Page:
We adore Camel Crown, whose reasonably priced 3-in-1 winter hiking coats are available in both men’s and women’s sizes.
2. Extra layers
We adore down vests, and the 32 DEGREE Down Vest has a flattering fit and is really lightweight. Alternatively, the Wantdo Packable Vest for Men, which also comes in a vest style, has a pouch for convenient packing.
Base layers, such as merino wool tights (available in men’s and women’s designs), are a wonderful choice if you spend a lot of time outside stretching or truly don’t enjoy being chilly.
We believe it’s wise to carry a tiny, portable, compact umbrella that fits in small baggage since London snow can range from drizzle to heavy flakes!
4. Winter equipment
Warm wool socks are what you need. An Achillea Pashmina comes in 45 various hues, or you can choose a reversible one for extra outfit options! warm gloves and a hat.
5. More warmth
Our main pieces of advice are always to pack items with many uses, and a portable charger is the best option for winter travel.
Find an outlet that also serves as a hand warmer because you never know when you’ll need one of them.
Zippo manufactures a rechargeable hand warmer with a USB connector so you can power up your gadgets.
If you forget any of these things, there are plenty of stores in London. For additional recommendations, see our post on places to shop in London.
Additionally, if you’re spending the holidays in London, the Christmas markets are a terrific location to buy accessories like scarves, hats, and gloves.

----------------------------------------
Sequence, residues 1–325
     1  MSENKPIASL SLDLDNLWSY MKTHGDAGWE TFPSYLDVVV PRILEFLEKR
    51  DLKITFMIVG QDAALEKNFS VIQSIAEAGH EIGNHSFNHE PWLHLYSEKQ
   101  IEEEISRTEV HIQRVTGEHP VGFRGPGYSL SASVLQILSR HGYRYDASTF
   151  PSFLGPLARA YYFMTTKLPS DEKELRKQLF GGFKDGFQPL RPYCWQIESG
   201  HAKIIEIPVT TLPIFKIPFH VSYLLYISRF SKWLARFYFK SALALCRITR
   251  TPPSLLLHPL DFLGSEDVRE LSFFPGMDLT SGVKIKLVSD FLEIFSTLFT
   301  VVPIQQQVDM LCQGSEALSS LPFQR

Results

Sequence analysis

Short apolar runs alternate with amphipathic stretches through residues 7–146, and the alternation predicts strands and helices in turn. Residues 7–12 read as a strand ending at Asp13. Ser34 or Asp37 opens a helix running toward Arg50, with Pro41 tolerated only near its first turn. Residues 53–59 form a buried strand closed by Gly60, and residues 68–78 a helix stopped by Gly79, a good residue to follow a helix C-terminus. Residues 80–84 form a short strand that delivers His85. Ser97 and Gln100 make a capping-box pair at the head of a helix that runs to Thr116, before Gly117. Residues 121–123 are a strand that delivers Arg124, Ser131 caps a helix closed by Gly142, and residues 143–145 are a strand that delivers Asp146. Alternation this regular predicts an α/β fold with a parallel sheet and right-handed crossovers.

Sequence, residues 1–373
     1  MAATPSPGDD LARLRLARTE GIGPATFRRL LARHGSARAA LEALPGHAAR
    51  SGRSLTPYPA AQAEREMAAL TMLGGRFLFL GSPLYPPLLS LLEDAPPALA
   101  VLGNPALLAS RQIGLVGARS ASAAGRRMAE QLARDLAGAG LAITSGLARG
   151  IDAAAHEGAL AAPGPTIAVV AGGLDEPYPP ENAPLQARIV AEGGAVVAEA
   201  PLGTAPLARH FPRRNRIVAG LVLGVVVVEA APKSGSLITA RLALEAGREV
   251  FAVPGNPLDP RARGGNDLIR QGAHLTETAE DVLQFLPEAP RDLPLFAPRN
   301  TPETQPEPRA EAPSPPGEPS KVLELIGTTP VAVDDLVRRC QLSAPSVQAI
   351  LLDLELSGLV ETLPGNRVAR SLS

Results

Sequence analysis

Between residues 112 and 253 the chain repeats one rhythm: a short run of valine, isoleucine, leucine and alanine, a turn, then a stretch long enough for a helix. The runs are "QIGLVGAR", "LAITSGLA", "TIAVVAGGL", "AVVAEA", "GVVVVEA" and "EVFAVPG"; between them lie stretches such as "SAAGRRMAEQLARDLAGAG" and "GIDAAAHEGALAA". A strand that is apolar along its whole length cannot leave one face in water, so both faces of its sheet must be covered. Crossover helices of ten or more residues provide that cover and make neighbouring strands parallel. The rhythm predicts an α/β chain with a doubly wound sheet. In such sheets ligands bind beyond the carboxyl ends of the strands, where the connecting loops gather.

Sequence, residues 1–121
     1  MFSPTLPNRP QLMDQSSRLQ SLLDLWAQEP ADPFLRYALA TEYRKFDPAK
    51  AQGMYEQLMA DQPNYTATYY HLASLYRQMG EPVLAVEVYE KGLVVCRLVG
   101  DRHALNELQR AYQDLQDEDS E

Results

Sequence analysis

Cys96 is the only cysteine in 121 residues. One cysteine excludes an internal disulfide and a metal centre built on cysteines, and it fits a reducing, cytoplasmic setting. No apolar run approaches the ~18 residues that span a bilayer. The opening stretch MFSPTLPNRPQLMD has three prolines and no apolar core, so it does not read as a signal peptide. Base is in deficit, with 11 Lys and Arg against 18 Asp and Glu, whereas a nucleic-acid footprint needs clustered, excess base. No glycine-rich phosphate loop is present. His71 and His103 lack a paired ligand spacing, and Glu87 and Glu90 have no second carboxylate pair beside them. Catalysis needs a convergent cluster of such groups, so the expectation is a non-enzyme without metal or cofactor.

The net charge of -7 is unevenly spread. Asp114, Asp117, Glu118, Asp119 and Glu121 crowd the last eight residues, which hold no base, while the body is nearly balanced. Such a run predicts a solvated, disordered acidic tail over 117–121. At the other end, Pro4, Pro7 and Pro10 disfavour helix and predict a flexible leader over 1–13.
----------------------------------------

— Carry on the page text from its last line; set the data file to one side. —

What to do in London when it snows
Don’t let the snow prevent you from having a good time when visiting London. The residents are very definitely still outside despite this!
The top indoor activities in London are listed below. We also provide a list of winter-specific activities!
Visit a museum or other attraction
You could spend days exploring every museum in London since there are so many of them. Many museums in London provide free admission or free days or hours.
Consider purchasing a discounted tourist attractions pass if you want to spend a month in London during a time when it appears that severe weather will be present.
When purchasing a pass, several museums with entry prices are included for free. Here is a selection of the best historical sites and museums to assist you make a decision:
- Tate Modern
- Britain’s Museum
- Westminster Abbey
- Buckingham Palace
- Saint Paul’s Cathedral
- Tower of London
Remember that in inclement weather, these renowned museums will be packed. If you dislike crowds, visiting a lesser-known museum, such as a medical or military museum, may be an excellent choice.
Ride a Bus
There are various hop-on, hop-off bus trips in London. When you go between destinations on a bus tour, you can explore London while remaining dry.
In addition, there are other themed bus trips, like the Jack the Ripper, Harry Potter, and ghost tours. Check out our comparison of bus tours.
Walk the City for Free
Unbelievably, our trips at your own expense go ahead rain or shine—and yes, snow—as long as there isn’t a storm.
The National Gallery of Art and the British Museum both have interior tours available as well.
To learn more about the excursions we provide, read more about our London walking tours.
Enjoy afternoon tea
That’s about the most British there is! Keep yourself at ease while you have tea and scones with jam.
Visit Twinings Tea Shop in the City of London or read our article about afternoon tea in London.
What to do in the cold of the night
You may just watch TV in your hotel room. But why would you do that when there are so many other things to do in London in inclement weather?.
Here are a few possibilities:
- Observe a West End production
- Take a Thames dinner cruise.
- Go on a bar-and-club tour.
- Visit the Sky Garden viewing platform.
Embrace the chilly weather
Here is a small collection of winter-specific activities. Seize the moment while you can.
- Ice skate Visit one of the numerous Holiday Markets and shop
- Holiday and Christmas lights may be seen.
- Snow is nothing more than a pretty version of rain, after all.